Shirley this is one of the most asked safety questions, so if you search "Japan" on Ask A Nomad you'll see plenty of information from similar questions.
In a nutshell - The Japanese government has imposed a 30 km exclusion zone around the failed nuclear power station in Fukushima. Many foreign governments recommend you make that 80 kms (no evidence to suggest increased exposure risk between 30 and 80, but they just doubled it plus a bit to be on the safe side).
Due to the continuing pressures on devastated infrastructure I'd think really hard about going to the quake and tsunami affected north-east.
Tokyo: apart from little pockets of unusually high radiation - and I mean pocket-sized bits... usually debris caught in a stormwater drain - radiation levels in Tokyo have been safe and near-normal since that bad 48 hur period on march 16/17.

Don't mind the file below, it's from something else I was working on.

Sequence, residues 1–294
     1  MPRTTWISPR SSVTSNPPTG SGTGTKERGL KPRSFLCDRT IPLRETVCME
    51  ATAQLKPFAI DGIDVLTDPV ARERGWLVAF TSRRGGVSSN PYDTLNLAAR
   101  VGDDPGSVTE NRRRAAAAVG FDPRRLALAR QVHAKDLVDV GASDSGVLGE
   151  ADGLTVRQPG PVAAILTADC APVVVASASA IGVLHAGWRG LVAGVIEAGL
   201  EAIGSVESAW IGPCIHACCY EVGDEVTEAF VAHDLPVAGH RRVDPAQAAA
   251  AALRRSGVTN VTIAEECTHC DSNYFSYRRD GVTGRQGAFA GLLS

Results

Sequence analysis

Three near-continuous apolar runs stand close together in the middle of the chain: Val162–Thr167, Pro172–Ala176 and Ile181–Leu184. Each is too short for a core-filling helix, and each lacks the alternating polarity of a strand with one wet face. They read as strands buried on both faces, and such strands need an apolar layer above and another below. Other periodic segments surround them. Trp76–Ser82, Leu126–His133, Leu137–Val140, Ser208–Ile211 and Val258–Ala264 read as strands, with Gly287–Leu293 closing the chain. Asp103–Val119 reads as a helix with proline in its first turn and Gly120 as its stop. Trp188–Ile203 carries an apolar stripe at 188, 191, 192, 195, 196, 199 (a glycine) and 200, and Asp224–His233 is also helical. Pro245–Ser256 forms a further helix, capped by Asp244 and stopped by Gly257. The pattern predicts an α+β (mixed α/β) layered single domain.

There have been instances of contaminated food finding its way into the supermarkets... particularly beef and some vegetables. The government has widened a ban on foodstuffs from Fukushima prefecture and also Iwaki prefecture.
A health official said you'd have to eat the contaminated beef at every meal for a year before it got close to unacceptable levels in your body.
There's no evidence of contamination in Tokyo's drinking water, still many locals are sticking to bottled water.
South of Tokyo ie everywhere else in Japan is not affected.
Radiation.... a big dose over a short time is bad. A low dose over a long time is bad. You'll be visiting for a short time, and IF there is any extra radiation around it is pretty low dose, so low dose and a short time - I wouldn't worry if I were you.
Don't forget, Japan has numerous fault lines running through it and earthquakes are common - thankfully massive ones like last march are extremely rare.
Phil about 7 years ago